The Defense Advanced Research Projects Agency, overseen by the Department of Defense, is expanding its pilot Embedded Entrepreneurship Initiative to bring together venture capitalists and startups developing emerging technology for the agency. The program’s focus will extend beyond biotech and microelectronics to other emerging technologies, such as AI, and accelerate up to 150-DARPA-backed innovations.
In the two years since its inception, DARPA’s EEI helped 30 pre-seed research teams raise about $110 million and led to the creation of 12 companies. EEI will move from a pilot to a permanent project with the support of IQT Emerge, an arm of the not-for-profit venture capital firm In-Q-Tel and whose mission is to connect the U.S. government innovation channel with entrepreneurship.
The program teams a venture capitalist with DARPA contractors seeking to market new technologies developed with agency funding. They will assist the entrepreneurs with writing business plans and preparing pitches for American venture capital firms. Research teams will have access to DARPA’s Transition Working Group, which comprises over 100 U.S. investors and corporations experienced in supply chain development and scaling. Researchers will receive an average of $250,000 in non-dilutive funding to hire a seasoned entrepreneur or business executive for one to two years with the goal of developing a robust go-to-market strategy for both defense and commercial markets.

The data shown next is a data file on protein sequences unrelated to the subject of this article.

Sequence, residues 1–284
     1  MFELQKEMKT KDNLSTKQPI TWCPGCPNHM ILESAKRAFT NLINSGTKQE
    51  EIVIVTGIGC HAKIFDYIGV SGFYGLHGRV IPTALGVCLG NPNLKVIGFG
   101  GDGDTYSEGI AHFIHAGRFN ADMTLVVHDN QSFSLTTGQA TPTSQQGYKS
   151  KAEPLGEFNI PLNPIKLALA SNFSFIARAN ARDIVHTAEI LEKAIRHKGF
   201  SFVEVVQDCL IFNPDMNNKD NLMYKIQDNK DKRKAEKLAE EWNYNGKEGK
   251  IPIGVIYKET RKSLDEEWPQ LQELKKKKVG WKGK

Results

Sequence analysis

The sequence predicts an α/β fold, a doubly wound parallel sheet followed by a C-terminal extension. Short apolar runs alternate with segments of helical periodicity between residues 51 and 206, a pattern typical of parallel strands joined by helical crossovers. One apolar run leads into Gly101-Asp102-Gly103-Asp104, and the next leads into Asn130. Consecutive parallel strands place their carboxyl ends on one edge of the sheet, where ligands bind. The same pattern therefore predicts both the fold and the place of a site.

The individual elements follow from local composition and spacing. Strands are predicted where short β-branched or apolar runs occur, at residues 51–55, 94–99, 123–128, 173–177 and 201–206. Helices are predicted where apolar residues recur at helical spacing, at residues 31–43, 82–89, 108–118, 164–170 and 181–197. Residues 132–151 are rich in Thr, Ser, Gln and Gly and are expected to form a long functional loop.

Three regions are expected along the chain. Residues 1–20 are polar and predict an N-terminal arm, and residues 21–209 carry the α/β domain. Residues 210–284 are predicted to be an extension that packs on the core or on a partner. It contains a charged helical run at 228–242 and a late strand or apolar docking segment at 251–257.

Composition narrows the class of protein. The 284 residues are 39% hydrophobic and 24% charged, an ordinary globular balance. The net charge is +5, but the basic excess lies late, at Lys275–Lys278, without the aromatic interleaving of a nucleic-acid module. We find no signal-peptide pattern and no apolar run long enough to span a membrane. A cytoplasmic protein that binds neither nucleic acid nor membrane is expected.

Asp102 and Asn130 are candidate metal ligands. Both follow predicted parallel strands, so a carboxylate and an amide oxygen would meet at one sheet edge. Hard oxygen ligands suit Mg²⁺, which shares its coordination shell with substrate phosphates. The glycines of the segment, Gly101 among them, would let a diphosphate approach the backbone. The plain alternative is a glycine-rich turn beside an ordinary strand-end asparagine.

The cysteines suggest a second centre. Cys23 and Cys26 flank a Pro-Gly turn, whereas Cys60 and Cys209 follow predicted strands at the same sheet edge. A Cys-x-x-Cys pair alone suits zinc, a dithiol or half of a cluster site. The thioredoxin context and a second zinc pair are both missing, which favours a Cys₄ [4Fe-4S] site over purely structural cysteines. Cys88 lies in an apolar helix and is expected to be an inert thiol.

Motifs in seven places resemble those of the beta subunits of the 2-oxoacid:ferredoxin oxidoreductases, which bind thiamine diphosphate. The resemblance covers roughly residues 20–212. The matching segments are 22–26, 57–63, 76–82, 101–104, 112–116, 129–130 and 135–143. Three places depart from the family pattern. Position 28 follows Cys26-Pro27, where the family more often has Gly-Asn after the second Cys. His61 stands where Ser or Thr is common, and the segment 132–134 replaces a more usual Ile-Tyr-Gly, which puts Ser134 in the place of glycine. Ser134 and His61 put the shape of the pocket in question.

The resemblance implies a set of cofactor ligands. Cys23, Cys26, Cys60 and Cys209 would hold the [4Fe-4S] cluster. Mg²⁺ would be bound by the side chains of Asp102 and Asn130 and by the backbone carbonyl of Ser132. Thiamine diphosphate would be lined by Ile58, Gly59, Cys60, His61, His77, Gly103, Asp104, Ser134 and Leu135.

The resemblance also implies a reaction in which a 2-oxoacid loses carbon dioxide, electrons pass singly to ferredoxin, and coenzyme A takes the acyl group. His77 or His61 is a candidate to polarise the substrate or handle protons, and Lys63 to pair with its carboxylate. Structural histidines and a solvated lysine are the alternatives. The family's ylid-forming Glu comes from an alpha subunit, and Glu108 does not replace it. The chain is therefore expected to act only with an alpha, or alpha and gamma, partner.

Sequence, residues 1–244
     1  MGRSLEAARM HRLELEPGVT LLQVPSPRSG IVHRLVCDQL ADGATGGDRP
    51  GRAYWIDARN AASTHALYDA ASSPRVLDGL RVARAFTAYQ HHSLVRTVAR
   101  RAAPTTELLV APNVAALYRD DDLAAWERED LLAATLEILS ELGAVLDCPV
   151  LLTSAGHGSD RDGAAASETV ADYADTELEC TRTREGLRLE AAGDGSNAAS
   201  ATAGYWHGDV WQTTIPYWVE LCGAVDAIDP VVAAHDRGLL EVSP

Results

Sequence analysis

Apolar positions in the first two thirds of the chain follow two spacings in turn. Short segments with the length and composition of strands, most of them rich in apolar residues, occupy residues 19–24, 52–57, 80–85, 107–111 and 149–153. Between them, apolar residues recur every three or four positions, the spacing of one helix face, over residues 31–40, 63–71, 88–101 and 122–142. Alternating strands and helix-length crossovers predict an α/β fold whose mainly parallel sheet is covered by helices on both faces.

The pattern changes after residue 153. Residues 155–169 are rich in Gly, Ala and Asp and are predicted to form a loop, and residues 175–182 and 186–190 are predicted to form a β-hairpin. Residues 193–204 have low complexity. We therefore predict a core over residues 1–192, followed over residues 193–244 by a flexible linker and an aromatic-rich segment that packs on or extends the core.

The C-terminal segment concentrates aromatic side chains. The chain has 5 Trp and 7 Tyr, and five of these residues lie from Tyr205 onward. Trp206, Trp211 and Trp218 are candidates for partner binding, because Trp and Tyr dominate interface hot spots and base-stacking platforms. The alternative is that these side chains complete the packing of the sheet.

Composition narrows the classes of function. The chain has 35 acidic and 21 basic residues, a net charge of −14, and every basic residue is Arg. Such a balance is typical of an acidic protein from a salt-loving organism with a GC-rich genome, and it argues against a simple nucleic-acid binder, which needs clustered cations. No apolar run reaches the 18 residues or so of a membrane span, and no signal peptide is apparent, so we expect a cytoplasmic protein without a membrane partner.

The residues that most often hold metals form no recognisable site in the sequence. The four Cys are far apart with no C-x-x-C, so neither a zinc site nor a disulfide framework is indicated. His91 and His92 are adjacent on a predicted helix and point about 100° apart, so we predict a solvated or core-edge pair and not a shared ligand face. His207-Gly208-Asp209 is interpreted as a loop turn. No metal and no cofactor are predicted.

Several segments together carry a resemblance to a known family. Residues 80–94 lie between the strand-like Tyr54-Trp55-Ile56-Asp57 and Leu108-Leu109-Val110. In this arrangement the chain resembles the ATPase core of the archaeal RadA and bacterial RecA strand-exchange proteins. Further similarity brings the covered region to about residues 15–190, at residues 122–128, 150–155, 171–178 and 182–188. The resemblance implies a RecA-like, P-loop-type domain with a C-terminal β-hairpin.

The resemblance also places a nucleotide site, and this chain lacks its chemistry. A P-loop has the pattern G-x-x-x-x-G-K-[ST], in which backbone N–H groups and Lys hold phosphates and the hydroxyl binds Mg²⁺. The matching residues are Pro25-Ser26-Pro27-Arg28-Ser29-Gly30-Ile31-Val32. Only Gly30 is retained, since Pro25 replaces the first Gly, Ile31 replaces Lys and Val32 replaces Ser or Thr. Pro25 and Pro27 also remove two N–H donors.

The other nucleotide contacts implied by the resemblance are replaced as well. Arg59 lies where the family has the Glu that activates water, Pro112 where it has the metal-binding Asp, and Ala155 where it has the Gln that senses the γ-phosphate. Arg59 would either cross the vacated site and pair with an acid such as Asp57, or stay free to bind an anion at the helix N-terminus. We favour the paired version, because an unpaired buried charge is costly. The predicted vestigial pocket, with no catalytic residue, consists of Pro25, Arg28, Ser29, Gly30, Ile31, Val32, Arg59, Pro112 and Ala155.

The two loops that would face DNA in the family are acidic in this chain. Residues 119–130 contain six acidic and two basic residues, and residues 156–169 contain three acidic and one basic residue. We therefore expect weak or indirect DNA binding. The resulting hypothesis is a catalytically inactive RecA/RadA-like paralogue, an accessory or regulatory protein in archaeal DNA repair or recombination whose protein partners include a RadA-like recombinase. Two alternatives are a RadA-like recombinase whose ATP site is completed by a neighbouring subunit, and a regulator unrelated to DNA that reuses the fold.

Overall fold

The EEI’s growth is illustrative of the Department of Defense view that tech projects in areas such as AI, 5G and 6G telecommunications are essential to the U.S. economic and military over the next century, according to DARPA Commercial Strategy Chief Kacy Gerst. “More and more DARPA is investing in spaces that have a massive commercial market and a small defense market, like for example, microelectronics and biotechnology,” Gerst said in an interview. “If we want the DOD to be able to use these technologies in the future, they need to be sitting within sustainable businesses.”
DARPA has assisted in laying the foundations for some of society's most transformational technologies, such as miniaturized GPS, the internet, smartphones, commercial space access, RNA vaccines, stealth and autonomous vehicles, to name a few. However, DARPA was reportedly finding some of the universities, firms and labs they worked with to develop emerging technologies were spinning off companies that used foreign capital. The EEI program is similar to the Defense Department’s Trusted Capital Marketplace, which screens potential investors for U.S. defense contractors to confirm they do not have connections to foreign entities.